SIBLEY — Property on the village’s west side that is owned by Ronald J. Mueller Jr. is reportedly being quickly developed as a hog trailer-washing facility.
The project is of concern to Sibley Village Board members because the Mackinaw River flows near the property, and they fear facility runoff could affect Sibley’s water supply.
Trustee Greg Brucker said he invited Mueller to attend Monday night’s board meeting, but Mueller declined. Mueller asked Brucker to convey his thoughts, but Brucker said there was only one comment that he felt comfortable in accurately conveying to the board.
As reported by Brucker, Mueller said he is “a friend of the community and a good neighbor.”
Trustee Corey Volker shared an Illinois Department of Transportation map that appears to show it is likely the property is within the village limits through a prior annexation.
In any case, Sibley’s retiring water operator, Beth Meyer, said potential health concerns should be voiced to the Ford County Public Health Department.
Meyer said the installation has moved quickly, with a well dug on March 28 and concrete pads poured soon thereafter.
It was unknown by board members whether Mueller had sought any variance or permit at the county level either.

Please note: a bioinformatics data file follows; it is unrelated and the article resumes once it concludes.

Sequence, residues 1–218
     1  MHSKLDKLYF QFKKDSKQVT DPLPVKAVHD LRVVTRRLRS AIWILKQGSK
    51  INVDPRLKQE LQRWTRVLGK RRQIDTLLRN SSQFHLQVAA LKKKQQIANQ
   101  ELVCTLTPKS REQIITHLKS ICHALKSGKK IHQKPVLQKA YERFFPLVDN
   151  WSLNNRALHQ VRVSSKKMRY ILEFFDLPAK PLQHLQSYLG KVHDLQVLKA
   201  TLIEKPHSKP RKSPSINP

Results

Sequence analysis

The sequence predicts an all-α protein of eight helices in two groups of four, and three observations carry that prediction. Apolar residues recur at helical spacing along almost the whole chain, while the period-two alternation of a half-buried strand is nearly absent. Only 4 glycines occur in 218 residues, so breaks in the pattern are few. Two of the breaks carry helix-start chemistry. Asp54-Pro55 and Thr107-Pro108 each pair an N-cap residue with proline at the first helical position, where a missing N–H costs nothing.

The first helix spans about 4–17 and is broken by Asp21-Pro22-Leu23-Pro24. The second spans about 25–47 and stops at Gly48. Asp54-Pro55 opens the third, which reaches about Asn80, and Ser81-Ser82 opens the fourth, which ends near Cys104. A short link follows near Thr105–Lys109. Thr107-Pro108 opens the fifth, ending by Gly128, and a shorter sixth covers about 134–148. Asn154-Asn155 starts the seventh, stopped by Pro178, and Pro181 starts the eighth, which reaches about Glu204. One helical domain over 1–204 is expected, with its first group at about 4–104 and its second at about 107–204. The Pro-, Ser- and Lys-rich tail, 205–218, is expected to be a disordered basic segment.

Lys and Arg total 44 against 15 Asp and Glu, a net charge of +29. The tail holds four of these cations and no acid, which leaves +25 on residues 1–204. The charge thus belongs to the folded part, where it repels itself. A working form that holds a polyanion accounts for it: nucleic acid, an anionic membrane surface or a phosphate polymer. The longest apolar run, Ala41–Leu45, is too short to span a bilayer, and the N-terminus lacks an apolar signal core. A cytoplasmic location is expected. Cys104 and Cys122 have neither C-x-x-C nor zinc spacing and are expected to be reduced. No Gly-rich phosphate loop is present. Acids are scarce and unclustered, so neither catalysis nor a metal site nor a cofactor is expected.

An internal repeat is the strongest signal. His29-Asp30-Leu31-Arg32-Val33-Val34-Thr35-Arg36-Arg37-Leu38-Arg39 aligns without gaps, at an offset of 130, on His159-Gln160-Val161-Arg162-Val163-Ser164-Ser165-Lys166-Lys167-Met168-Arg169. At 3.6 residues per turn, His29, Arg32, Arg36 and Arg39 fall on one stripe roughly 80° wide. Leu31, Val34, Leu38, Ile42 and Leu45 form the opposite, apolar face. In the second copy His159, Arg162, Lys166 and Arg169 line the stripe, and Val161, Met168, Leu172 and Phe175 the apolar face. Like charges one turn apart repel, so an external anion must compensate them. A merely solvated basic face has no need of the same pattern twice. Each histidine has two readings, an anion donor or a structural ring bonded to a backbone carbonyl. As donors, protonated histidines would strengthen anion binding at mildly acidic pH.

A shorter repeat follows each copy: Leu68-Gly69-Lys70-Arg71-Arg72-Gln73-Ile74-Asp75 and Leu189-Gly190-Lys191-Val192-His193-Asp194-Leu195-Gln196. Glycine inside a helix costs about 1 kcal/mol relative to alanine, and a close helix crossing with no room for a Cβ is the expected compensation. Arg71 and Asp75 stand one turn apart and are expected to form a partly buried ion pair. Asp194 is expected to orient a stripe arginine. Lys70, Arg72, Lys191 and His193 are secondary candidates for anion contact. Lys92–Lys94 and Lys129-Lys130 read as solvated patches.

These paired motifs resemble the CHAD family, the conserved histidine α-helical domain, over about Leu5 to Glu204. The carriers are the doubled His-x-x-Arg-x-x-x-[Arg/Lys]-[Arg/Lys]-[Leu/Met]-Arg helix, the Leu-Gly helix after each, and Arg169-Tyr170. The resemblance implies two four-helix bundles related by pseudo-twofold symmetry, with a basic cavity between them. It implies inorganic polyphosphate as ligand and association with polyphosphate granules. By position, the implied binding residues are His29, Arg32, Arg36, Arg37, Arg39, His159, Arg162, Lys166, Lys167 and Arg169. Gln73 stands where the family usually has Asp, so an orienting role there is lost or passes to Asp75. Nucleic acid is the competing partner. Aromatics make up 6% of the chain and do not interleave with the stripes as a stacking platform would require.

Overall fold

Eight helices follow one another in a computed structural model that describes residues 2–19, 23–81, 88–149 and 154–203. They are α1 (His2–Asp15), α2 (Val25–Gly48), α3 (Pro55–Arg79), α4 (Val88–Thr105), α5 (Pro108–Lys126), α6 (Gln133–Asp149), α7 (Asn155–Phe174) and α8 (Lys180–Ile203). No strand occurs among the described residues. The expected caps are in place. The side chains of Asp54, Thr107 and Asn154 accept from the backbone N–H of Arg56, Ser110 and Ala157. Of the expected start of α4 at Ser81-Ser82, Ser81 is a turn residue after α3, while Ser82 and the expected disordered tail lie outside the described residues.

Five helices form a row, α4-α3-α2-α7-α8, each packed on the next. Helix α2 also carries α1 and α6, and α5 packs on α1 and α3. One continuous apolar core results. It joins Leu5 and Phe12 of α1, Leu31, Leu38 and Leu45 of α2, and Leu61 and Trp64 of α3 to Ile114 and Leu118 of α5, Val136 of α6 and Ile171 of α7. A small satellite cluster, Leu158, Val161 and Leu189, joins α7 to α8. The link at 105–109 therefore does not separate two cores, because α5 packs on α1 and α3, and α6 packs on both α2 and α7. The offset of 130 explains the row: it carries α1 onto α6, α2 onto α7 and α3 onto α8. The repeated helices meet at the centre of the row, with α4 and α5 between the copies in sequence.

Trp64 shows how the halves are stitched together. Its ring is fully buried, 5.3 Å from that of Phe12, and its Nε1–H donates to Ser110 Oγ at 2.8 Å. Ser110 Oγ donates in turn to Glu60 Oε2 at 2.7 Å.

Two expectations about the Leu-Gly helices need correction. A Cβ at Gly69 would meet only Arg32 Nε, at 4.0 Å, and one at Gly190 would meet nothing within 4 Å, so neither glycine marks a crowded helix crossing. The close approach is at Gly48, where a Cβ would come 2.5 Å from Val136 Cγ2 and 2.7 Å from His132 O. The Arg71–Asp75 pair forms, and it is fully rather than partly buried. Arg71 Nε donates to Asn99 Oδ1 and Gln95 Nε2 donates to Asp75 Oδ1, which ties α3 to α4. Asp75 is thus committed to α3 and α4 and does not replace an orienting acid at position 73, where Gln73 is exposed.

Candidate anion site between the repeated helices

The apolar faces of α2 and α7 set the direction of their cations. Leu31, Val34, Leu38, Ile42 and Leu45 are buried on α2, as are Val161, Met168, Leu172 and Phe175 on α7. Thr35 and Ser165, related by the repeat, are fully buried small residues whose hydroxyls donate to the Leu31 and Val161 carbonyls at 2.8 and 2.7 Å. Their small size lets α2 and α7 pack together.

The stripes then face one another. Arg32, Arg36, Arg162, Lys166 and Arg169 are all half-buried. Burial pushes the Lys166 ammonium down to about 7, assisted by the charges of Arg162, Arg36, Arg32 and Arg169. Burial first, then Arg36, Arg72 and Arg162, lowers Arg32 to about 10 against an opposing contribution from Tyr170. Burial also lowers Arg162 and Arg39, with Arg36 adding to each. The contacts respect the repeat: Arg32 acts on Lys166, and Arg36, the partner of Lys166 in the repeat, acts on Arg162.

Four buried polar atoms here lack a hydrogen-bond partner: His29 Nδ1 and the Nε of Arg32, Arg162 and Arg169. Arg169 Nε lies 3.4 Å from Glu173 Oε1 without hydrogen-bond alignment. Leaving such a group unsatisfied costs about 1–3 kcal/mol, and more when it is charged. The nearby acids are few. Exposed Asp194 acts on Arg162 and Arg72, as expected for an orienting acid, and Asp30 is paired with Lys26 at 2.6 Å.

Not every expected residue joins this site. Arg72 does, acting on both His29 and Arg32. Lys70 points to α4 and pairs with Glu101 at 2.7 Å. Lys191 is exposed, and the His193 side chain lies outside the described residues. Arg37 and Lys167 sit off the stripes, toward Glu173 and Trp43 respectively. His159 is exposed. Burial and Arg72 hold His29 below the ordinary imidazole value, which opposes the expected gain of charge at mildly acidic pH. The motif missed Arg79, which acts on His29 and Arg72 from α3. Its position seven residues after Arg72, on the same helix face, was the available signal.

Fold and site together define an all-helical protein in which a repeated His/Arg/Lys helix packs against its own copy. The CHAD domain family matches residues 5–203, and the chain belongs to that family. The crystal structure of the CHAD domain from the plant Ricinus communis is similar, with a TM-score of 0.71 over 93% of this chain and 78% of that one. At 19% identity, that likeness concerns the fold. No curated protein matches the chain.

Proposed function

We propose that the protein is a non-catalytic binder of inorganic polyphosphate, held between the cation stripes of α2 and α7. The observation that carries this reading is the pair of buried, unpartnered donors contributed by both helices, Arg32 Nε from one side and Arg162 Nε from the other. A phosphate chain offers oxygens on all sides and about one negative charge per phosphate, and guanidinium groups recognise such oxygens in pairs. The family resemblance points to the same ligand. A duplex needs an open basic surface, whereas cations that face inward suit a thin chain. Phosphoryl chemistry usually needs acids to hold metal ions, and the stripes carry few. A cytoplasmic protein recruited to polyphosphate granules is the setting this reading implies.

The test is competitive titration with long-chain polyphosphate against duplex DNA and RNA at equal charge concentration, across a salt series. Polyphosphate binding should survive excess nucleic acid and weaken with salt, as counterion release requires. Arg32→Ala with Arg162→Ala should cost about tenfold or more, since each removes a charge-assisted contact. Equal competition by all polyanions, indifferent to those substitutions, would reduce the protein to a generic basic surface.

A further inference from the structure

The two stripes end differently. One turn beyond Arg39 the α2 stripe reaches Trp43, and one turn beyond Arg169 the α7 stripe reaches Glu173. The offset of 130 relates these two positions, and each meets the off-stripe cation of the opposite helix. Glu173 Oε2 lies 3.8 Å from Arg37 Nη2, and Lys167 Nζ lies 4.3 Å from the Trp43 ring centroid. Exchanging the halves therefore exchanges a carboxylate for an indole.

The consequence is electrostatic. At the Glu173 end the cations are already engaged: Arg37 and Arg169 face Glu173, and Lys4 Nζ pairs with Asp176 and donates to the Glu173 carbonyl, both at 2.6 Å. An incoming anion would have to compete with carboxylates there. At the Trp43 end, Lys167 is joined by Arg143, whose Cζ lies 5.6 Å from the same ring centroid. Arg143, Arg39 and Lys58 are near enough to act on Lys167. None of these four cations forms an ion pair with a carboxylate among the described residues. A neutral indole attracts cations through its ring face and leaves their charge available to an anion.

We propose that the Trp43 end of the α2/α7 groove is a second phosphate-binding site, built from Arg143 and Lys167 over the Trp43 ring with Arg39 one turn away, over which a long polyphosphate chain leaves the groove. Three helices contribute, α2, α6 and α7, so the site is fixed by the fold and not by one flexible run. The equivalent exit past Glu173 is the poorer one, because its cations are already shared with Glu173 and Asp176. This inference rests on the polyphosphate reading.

Water operator changing
Also Monday night, the board’s president, Jim Kearney, thanked Meyer for her dedication and years of service to the village as its water operator.
Meyer said she has served in this capacity since about 1996. She was previously a village trustee.
As of April 1, James Howes of Saybrook replaced Meyer to regularly monitor and report water quality and submit water samples for lab analysis. Howes recommended that when the current testing lab’s contract is up, the village should shift work to the Illinois Environmental Protection Agency’s lab in Springfield, although Meyer said that will likely increase costs.
Howes holds a state Class C water system operator’s license and performs similar work for Saybrook, where he is a resident. Howes said he plans to be in Sibley one evening per week and one time each weekend. Howes said the schedule may occasionally vary because he is a full-time employee with Bash Pepper Roofing Co. of Champaign.
Howes also sees his time in Sibley as an opportunity to train Merlin Tjarks, who is currently the village’s maintenance employee but who also wants to become a licensed water operator. Tjarks has already attended some training toward the license but will need on-the-job experience, as well.
Properties and ordinances reviewed
Also during Monday’s meeting, a discussion was held regarding properties in violation of village ordinances.
Board members decided to target three properties at a time for compliance.
A property with an unlicensed and nonmoving camper was determined to be in violation, and the owner will be contacted by Kearney.
Meanwhile, the burn ordinance will be amended by action of Village Clerk Laura Peeler to include that no burning can occur in a roadside ditch in addition to the current wording that bans burning in an alleyway.
The amended ordinance and others will be reviewed at the May 6 meeting.